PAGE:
Old Man Winter
Originally published in the March 1980 issue of Senior Edition newspaper
The turning from winter to summer in Colorado is made ever more abrupt by the – for all practical purposes – virtual elimination of spring. As someone observed to me of late, spring in Colorado actually comes for about two weeks in February, only to be frozen back into submission by Old Man Winter, full of frigid fury after pausing to catch a wintry breath.
March 21 here is only observed as a quaint, calendrical peculiarity. By the time March 21 arrives, spring generally has come and gone, leaving little trace but a few embarrassed shivering buds of winter.
Then with spring duly subdued, winter melts into summer, inclining us seasonal purists to suspect that spring in Colorado is but the figment of some demented poet’s immoderate imaginings.
Not later than one week after winter’s final (a prediction which may yet prove premature) fiery blast, a young lady of my acquaintance had the audacity to complain about the heat. While her observation technically had merit, my temptation at that moment was to send her on an extended tour of the last ice age – where she might shiver to her heart’s content – leaving the rest of us to bask obliviously in this delicious summer perfection.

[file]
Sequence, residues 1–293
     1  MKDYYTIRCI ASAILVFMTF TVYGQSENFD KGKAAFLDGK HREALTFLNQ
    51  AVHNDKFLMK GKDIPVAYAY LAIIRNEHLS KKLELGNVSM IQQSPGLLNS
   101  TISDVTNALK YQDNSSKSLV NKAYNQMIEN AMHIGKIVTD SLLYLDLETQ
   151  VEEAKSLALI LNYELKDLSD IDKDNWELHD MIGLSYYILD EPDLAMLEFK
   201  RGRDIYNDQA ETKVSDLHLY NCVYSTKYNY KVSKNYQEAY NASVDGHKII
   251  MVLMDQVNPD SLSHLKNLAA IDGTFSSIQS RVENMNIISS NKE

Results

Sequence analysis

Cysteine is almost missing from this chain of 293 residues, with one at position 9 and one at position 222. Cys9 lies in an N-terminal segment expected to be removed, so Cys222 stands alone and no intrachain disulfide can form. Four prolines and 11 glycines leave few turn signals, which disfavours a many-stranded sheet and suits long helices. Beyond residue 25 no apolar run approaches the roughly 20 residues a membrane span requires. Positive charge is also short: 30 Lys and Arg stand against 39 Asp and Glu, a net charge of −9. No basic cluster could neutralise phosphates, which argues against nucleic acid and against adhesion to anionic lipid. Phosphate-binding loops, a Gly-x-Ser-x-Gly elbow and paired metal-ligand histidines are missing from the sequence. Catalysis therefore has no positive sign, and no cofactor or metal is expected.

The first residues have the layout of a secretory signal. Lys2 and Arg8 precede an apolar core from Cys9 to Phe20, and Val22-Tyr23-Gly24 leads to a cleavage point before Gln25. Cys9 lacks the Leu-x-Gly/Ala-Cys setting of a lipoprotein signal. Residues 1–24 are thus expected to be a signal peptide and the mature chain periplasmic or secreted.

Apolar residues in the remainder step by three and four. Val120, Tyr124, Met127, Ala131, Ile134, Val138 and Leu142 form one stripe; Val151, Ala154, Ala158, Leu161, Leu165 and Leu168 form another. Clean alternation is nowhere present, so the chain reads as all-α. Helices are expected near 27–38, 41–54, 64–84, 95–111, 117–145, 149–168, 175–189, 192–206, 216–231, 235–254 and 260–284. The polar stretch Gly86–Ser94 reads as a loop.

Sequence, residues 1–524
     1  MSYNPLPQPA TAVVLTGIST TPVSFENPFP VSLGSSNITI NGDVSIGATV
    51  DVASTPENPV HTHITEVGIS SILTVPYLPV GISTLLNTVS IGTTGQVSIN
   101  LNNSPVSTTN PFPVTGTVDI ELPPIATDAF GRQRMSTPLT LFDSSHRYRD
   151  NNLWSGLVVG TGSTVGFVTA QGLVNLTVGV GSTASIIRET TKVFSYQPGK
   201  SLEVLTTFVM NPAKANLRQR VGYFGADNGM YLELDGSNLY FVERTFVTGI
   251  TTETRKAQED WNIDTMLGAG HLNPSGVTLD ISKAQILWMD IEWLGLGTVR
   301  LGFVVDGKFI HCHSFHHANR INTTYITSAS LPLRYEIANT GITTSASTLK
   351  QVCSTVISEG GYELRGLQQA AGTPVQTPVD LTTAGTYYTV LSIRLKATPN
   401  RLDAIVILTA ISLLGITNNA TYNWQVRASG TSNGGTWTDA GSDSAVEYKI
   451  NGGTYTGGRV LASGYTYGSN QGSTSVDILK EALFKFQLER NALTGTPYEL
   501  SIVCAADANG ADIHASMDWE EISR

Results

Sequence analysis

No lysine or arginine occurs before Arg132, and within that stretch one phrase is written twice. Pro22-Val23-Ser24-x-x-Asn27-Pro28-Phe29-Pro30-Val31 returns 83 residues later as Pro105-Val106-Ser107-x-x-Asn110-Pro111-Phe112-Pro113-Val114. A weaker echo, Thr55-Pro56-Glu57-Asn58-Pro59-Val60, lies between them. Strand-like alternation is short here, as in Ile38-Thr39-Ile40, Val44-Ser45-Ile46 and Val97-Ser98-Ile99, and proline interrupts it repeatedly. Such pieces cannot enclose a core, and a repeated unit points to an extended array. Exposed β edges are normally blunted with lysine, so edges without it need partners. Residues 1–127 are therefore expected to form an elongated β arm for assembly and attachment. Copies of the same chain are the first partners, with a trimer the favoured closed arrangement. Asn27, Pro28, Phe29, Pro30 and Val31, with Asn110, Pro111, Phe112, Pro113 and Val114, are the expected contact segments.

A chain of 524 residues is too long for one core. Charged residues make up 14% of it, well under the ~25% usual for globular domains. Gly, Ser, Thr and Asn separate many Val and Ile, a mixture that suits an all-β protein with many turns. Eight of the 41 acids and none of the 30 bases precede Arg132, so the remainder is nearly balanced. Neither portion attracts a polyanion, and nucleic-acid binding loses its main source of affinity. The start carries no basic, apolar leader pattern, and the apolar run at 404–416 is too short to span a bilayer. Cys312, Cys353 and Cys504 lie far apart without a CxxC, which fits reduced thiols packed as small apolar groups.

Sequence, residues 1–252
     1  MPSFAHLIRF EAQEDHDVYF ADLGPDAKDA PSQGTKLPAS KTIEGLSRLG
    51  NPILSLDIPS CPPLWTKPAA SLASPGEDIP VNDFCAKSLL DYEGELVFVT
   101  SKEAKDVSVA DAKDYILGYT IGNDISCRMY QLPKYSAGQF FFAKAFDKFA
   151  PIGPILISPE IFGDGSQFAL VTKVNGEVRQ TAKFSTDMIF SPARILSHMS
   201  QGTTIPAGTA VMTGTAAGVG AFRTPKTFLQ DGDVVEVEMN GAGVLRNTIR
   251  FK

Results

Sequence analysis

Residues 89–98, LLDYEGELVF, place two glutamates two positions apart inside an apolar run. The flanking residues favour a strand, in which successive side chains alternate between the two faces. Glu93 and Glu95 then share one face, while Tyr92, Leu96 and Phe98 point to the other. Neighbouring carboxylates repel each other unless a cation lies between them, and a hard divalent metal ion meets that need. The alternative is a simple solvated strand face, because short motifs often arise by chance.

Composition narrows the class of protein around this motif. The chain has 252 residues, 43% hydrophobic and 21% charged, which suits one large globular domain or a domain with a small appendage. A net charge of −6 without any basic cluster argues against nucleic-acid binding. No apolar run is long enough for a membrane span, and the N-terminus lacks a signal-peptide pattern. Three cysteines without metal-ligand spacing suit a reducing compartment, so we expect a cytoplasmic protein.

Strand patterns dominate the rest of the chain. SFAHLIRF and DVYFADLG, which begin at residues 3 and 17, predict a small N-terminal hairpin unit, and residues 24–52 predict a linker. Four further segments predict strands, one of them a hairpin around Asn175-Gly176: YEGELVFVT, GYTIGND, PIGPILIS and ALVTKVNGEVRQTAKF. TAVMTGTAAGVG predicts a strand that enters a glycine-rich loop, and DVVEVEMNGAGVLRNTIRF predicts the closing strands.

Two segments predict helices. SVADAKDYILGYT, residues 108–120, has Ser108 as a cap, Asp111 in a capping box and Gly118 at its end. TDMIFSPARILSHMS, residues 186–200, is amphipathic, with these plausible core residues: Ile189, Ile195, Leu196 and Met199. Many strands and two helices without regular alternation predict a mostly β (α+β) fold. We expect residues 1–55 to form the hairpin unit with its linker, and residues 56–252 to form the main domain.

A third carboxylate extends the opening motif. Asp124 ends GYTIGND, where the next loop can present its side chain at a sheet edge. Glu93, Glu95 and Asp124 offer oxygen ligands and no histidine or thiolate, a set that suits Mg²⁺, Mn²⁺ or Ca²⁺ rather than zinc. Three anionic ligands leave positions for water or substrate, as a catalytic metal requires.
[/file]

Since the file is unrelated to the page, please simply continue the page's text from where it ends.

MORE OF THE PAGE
Now, I must admit that winter is not without its sublimities. Denver’s first seasonal snowfall fashions an unblemished illusion, concealing bare trees and cement sidewalks in a whispering whiteness, suspending for a moment our belief in the earth’s unyielding solitude. The illusion is brief. Soon it turns to sludge and brown ice. Slippery sidewalks and frozen fingertips. Grasping at icicles, we crave the fervent summer sun.
And, I grant, there is nothing quite like Colorado’s winter/summer, those indescribably pure days high in the Rocky Mountains when you can cross country ski upon freshly fallen snow beneath crystal skies, attired for a day at the beach beneath the blazing summer sun.
Twixt its auspicious advent and exhilarating decline, however, winter has little to recommend itself in its almost interminable interim. I attended college in upper state New York, whose winters make Denver’s seem almost tropical by comparison. Frozen into my memory of those times was the struggle to cross the quad to the commons, slipping drunkenly on iced walkways, blundering against the unremitting frigid wind, often succumbing without supper. Ezra Pound, who attended my alma mater for barely a year before his good sense got the ahold of him, penned these lines to vent his unrepentant rage at winter’s icy indifference.
Winter is icumen in
Lhude sing Goddamn,
Raineth drop and staineth slop,
And how the wind doth ramn!
I am getting carried away. How could any sane, reasonable human being (does anyone doubt that I am one?) waste a beautiful spring/summer day penning bitter recriminations against the waning cold of winter? Let this, then, be my swan song to Old Man Winter.
Thank God it’s summer.